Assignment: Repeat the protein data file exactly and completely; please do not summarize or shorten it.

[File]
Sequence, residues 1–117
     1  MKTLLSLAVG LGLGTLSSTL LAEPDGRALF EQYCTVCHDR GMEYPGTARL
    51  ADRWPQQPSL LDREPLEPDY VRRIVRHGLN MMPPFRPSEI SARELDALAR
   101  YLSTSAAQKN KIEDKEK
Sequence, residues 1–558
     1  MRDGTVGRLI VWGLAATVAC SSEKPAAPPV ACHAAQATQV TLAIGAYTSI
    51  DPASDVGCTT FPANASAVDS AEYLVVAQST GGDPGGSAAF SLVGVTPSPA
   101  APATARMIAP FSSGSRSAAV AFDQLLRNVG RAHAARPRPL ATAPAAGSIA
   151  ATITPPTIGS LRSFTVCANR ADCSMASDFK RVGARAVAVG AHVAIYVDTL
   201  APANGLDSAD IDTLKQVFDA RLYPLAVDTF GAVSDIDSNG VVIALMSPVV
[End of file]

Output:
Sequence, residues 1–117
     1  MKTLLSLAVG LGLGTLSSTL LAEPDGRALF EQYCTVCHDR GMEYPGTARL
    51  ADRWPQQPSL LDREPLEPDY VRRIVRHGLN MMPPFRPSEI SARELDALAR
   101  YLSTSAAQKN KIEDKEK
Sequence, residues 1–558
     1  MRDGTVGRLI VWGLAATVAC SSEKPAAPPV ACHAAQATQV TLAIGAYTSI
    51  DPASDVGCTT FPANASAVDS AEYLVVAQST GGDPGGSAAF SLVGVTPSPA
   101  APATARMIAP FSSGSRSAAV AFDQLLRNVG RAHAARPRPL ATAPAAGSIA
   151  ATITPPTIGS LRSFTVCANR ADCSMASDFK RVGARAVAVG AHVAIYVDTL
   201  APANGLDSAD IDTLKQVFDA RLYPLAVDTF GAVSDIDSNG VVIALMSPVV